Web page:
Beta coefficient for CSF3 (-0.363) reveals that the higher the adoption of CSF3 (Alignment), the lower the level of implementing Six-Sigma structured improvement procedure practices. However, Beta coefficient for CSF1 (0.531) reveals that the higher the adoption of CSF1 (Foundations), the higher the level of implementing Six-Sigma structured improvement procedure practices. The analysis was aiming to test the relationship regardless of its direction. Therefore, the mentioned above analysis reveals hypothesis (H2) acceptance.

Hypothesis (H3) testing

Investigating the relationship between the identified new independent variables and "Six-Sigma focus on matrices" (dependent variable # 3) illustrated that the overall model was significant as p-value = 0.000 (Healey, 2009), F = 14.074, R-Square = 15.1% (Table 9). An assessment of individual variables significance and the associated estimated regression parameters are displayed in Table 9. The stepwise analysis has identified the best model with one variable (CSF2; Communication and Support) to explain the amount of variation in "Six-Sigma focus on matrices". The estimated regression equation is characterized as follows:

Six-Sigma focus on matrices = 1.823 + 0.451*CSF2 (3)

Table 9 - Model (III) Summary

Model

R

R Square

Adjusted R Square

Std. Error of the Estimate

Durbin-Watson

1

0.389

0.151

0.140

0.667

1.586

Model

Sum of Squares

df

Mean Square

F

p-value

Regression

6.269

1

6.269

14.074

0.000

Residual

35.190

79

0.445

Total

41.459

80

* Predictors: (Constant), CSF2

Model

Unstandardized Coefficients

Standardized Coefficients

t

p-value

B

Std. Error

Beta

(Constant)

1.823

0.472

3.865

0.000

CSF2

0.451

0.120

0.389

3.752

0.000

Durbin-Watson analysis (see Table 9) illustrated that computed value (1.586) is less than the tabulated lower limit value at 5% significance (1.61) (Freund, et al., 2006). This implies that residuals were actually independent from each other (no autocorrelation problem). Normal P-P plot of regression standardized residuals (Figure 3) confirms that residuals are normally distributed.

Figure 3 - Focus on Matrices Normal P-P Plot of Regression Standardized Residuals

Beta coefficient for CSF2 (0.451) reveals that the higher the adoption of CSF2 (Communication and Support), the higher the level of implementing Six-Sigma structured improvement procedure practices. This indicates that hypothesis (H3) is accepted.

Discussion and Conclusions

Previous literature showed relationship between CSFs and successful implementation of Six-Sigma (Brun, 2011; Mehrjerdi, 2011; Antony et al., 2005; Kwak and Anbari, 2006; Antony, 2006; Chakrabarty and Tan, 2007; Chung et al., 2008; Yusr et al., 2011). However, most of the empirical evidence failed to; provide consensus about specific CSFs that should be adopted; and expected influence of these factors on successful implementation of Six-Sigma. Moreover, most of empirical evidence comes from developed countries context. This research expanded the knowledge through; identifying CSFs commonly used; categorize these factors under specific variables; test the influence of these variables on successful implementation of Six-Sigma in developing countries context.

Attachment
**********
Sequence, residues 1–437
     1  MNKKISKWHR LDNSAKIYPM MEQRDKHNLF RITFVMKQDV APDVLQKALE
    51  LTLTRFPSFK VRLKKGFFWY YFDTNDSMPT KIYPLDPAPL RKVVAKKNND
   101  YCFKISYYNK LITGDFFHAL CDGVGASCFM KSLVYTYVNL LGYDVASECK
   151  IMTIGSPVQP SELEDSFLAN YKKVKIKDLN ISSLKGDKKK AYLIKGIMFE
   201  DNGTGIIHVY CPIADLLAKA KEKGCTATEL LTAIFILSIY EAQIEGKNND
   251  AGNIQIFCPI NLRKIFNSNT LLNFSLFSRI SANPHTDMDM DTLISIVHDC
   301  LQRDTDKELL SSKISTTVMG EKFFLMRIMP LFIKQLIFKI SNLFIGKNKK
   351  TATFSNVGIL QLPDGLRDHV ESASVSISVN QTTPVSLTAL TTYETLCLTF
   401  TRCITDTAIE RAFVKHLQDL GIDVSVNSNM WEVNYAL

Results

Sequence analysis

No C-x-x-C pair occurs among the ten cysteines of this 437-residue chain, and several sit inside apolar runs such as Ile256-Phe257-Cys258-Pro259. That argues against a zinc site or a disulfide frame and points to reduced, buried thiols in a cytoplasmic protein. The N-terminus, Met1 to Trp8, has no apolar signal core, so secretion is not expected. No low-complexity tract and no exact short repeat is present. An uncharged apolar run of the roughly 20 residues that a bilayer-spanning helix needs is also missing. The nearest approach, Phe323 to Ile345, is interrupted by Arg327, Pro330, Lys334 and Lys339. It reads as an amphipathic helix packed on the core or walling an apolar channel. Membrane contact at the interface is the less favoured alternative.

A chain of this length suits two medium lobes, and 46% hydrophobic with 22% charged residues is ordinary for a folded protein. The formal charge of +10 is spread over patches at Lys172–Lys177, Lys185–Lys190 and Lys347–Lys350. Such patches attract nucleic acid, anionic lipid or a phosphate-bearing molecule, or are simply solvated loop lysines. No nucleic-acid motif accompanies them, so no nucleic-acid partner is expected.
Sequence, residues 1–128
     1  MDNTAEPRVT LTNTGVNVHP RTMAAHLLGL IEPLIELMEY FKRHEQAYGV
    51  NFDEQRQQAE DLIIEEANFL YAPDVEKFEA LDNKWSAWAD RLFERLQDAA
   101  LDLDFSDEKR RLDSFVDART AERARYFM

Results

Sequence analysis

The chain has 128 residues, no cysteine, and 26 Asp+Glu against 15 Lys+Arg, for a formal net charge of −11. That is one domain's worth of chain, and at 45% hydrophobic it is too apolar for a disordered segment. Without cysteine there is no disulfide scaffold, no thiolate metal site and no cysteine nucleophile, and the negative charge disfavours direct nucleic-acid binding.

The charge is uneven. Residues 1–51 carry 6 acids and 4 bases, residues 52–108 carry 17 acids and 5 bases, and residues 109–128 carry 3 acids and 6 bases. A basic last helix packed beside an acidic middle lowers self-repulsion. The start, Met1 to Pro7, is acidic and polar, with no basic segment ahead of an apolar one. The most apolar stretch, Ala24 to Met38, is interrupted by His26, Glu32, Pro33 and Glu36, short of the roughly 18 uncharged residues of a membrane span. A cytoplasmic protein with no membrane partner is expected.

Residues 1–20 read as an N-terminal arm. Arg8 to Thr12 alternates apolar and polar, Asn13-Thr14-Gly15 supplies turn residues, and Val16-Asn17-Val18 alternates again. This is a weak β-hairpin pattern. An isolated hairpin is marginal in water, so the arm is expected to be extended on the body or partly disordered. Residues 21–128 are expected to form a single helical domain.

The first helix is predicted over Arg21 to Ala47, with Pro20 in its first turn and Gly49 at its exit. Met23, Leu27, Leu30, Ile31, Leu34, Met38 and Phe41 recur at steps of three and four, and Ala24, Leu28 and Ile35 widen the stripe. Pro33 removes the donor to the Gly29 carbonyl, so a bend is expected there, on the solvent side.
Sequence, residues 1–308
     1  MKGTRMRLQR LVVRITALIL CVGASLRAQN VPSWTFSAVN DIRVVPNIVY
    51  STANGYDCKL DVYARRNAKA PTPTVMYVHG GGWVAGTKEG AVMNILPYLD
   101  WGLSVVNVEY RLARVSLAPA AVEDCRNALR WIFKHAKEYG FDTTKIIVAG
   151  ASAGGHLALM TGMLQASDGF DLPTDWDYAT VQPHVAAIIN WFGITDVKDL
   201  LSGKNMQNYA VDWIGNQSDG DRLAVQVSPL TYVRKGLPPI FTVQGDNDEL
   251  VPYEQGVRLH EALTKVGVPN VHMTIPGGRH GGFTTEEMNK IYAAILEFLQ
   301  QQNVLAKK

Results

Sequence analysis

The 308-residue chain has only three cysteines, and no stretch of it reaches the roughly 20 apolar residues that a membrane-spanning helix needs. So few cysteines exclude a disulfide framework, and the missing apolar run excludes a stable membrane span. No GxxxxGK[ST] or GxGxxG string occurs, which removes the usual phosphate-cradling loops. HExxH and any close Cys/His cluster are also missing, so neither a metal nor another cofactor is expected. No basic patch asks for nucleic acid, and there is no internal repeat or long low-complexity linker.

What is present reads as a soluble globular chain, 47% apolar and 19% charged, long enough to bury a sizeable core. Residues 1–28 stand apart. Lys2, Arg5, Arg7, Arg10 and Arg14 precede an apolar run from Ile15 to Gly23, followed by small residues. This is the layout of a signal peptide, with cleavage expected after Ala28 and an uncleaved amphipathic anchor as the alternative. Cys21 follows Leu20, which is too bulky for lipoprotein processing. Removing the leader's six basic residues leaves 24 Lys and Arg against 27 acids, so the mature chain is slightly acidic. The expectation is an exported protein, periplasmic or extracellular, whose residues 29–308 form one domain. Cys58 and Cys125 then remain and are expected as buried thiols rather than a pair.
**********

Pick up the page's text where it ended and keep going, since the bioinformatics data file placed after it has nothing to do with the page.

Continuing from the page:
The empirical evidence of this research identified four variables significantly affect successful implementation of Six-Sigma namely; Foundations (CSF1), Communication and Support (CSF2), Alignment (CSF3), and Resource Management (CSF5). This result confirms empirically (Brun, 2011; Mehrjerdi, 2011; Antony et al., 2005; Kwak and Anbari, 2006; Antony, 2006; Chakrabarty and Tan, 2007; Chung et al., 2008; Yusr et al., 2011) argument that proper/improper identification of CSFs will affect Six-Sigma programs success or failure. Moreover, the research findings succeeded to pinpoint the direction of the relationship between significant CSFs and successful implementation of Six-Sigma programs. Foundations (CSF1) and Communication and Support (CSF2) showed that the higher the adoption of these variables, the higher the level of implementing Six-Sigma practices. However, Alignment (CSF3), and Resource Management (CSF5) showed that the higher the adoption of these variables, the lower the level of implementing Six-Sigma practices. These results confirm (Raisinghani et al., 2005) argument that many companies have chosen not to go the Six-Sigma route; and (Mehrjerdi, 2011) who illustrated that some organizations that adopted Six-Sigma had to scrape their entire Six-Sigma program after spending significant amount of money.

Overall, this research provides a new perspective through highlighting the need of identifying proper CSFs before implementing Six-Sigma programs. It reveals also that adopting improper CSFs may affect Six-Sigma projects outcomes negatively. Neglecting proper CSFs may reduce the organization ability to achieve desired results. The research findings identified several interesting areas that could be explored in further research. Further research may be valuable to investigate reasons behind negative effect that may exist due to applying improper CSFs. Another interesting research area is to test the CSFs among different industries and identify whether significant differences do exist or not. Further researches may be held to replicate same methodology with larger sample as one of the limitations existing in this research was sample size.

The practical implication of this research is that it provides organizations aiming to apply Six-Sigma with a list of CSFs that should be considered before applying Six-Sigma programs. Moreover, it provides guide for core variables that may affect programs success or failure.